Dangerous Nuts, Part 1

Ted Kaczynski
A block of wood with nails protruding from it was lying in a parking lot behind the Rentech Computer Store in Sacramento, California. Owner Hugh Scrutton noticed it the kind of thing that could damage tires and went to remove it. An enormous blast echoed throughout the strip mall. Its force was so great it blew off most of his hand, blasted metal fragments into his organs and impaled his heart.

The Unabomber had reached a malicious milestone he had now taken a human life. The bomb itself was a study in cruelty. To make sure it killed or injured as viciously as possible, it was loaded with sharp-edged chunks of metal, nails and splinters.

What could have turned a brilliant professor into terrifying madman called the Unabomber?

Robert & Kristi Goldstein
The would-be terrorist was hunched over at his desk at his Pinellas County condo, carefully reviewing his handwritten notes. The plot he had so carefully constructed was bold, shockingly bold, as all good terror plots must be. The goal was maximum horror and only caution would ensure its success. A secret al-Qaeda cell in a wealthy neighborhood?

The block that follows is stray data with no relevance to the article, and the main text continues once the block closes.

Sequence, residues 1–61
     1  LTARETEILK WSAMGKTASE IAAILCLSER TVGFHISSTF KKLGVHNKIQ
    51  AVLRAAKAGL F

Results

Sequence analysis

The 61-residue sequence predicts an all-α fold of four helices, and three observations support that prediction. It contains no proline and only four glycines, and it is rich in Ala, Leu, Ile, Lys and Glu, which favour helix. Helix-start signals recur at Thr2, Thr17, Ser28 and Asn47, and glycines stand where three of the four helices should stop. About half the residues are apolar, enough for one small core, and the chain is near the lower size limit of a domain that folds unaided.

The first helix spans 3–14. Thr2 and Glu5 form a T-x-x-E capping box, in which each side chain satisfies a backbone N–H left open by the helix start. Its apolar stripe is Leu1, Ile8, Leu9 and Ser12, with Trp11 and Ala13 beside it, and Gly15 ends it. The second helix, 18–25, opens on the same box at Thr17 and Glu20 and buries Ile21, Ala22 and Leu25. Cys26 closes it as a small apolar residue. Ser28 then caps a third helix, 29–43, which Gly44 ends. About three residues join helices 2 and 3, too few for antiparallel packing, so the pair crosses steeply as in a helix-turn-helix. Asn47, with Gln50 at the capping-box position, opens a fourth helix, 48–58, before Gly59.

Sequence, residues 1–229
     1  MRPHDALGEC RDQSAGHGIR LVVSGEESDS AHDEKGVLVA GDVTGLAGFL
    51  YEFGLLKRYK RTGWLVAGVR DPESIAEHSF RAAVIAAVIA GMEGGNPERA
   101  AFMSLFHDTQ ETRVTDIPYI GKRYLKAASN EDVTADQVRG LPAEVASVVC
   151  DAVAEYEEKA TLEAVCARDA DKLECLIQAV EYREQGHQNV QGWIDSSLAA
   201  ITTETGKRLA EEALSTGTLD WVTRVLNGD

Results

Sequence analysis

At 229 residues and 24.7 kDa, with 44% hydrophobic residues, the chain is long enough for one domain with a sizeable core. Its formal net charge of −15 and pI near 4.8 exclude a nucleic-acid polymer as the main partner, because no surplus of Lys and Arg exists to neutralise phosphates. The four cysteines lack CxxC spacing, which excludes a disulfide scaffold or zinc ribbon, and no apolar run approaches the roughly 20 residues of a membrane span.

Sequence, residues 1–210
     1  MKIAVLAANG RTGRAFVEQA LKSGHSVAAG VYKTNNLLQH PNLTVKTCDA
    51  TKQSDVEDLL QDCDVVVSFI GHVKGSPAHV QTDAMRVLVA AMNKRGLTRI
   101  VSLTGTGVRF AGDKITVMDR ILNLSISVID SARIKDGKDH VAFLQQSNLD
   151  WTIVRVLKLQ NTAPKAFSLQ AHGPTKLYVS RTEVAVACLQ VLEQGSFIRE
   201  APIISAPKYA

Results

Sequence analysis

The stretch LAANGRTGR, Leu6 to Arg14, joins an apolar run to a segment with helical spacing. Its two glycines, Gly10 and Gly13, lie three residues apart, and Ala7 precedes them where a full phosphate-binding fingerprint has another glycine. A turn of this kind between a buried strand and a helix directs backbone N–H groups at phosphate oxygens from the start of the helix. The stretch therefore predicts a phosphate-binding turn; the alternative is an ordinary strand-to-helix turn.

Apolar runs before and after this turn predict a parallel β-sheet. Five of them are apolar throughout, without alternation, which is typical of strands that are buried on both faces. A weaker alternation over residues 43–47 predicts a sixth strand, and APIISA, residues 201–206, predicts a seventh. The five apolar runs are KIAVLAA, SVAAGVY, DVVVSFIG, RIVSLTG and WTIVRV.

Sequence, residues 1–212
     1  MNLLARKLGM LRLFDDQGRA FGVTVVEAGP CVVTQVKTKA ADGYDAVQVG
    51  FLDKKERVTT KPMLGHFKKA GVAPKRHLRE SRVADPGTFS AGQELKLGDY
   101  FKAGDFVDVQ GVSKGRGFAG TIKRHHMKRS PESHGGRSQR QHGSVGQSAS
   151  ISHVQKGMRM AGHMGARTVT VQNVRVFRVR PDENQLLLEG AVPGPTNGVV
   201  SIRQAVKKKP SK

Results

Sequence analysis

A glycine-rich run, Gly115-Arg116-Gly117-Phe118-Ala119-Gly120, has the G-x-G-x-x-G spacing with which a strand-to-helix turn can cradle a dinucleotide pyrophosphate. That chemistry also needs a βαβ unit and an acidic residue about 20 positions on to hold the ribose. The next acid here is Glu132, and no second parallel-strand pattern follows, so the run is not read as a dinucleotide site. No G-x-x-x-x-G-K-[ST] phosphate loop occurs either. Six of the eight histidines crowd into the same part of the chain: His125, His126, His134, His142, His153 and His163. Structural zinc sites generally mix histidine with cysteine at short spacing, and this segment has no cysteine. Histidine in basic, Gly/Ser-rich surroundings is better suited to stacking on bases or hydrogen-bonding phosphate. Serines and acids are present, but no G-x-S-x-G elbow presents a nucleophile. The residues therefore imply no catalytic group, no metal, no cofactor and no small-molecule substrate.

Not quite.

Florida doctor and his wife make bombs on the weekend for fun, while building a huge arsenal of explosives, armor-piercing rockets, napalm and other unusual household chemicals. Together with their dentist friend, they planned to blow up a nearby Islamic center.

The Mad Bomber
The mysterious "Mad Bomber" was terrifying the people of New York with the bombs he had been planting for 16 years. The bomber's competence made tracing the devices nearly impossible. The detectives working the case were at their wits end and ready to try anything. The increasingly powerful bombs and his incessant, arrogant letters were a huge embarrassment.

In one of the earliest examples of profiling, a Manhattan criminal psychiatrist named Dr. James Brussel examined the bomber's letters and other forensic material and came up with an astonishing Sherlock Holmes-like description of the criminal which led police to the capture of George Metesky.

Eric Rudolph
Handsome, mysterious and very, very dangerous, the man known as the Olympic Park Bomber was finally caught in N.C. after five years as a fugitive. A rookie cop was responsible for bringing to justice the Most Wanted man who also bombed an abortion clinic and a gay bar.

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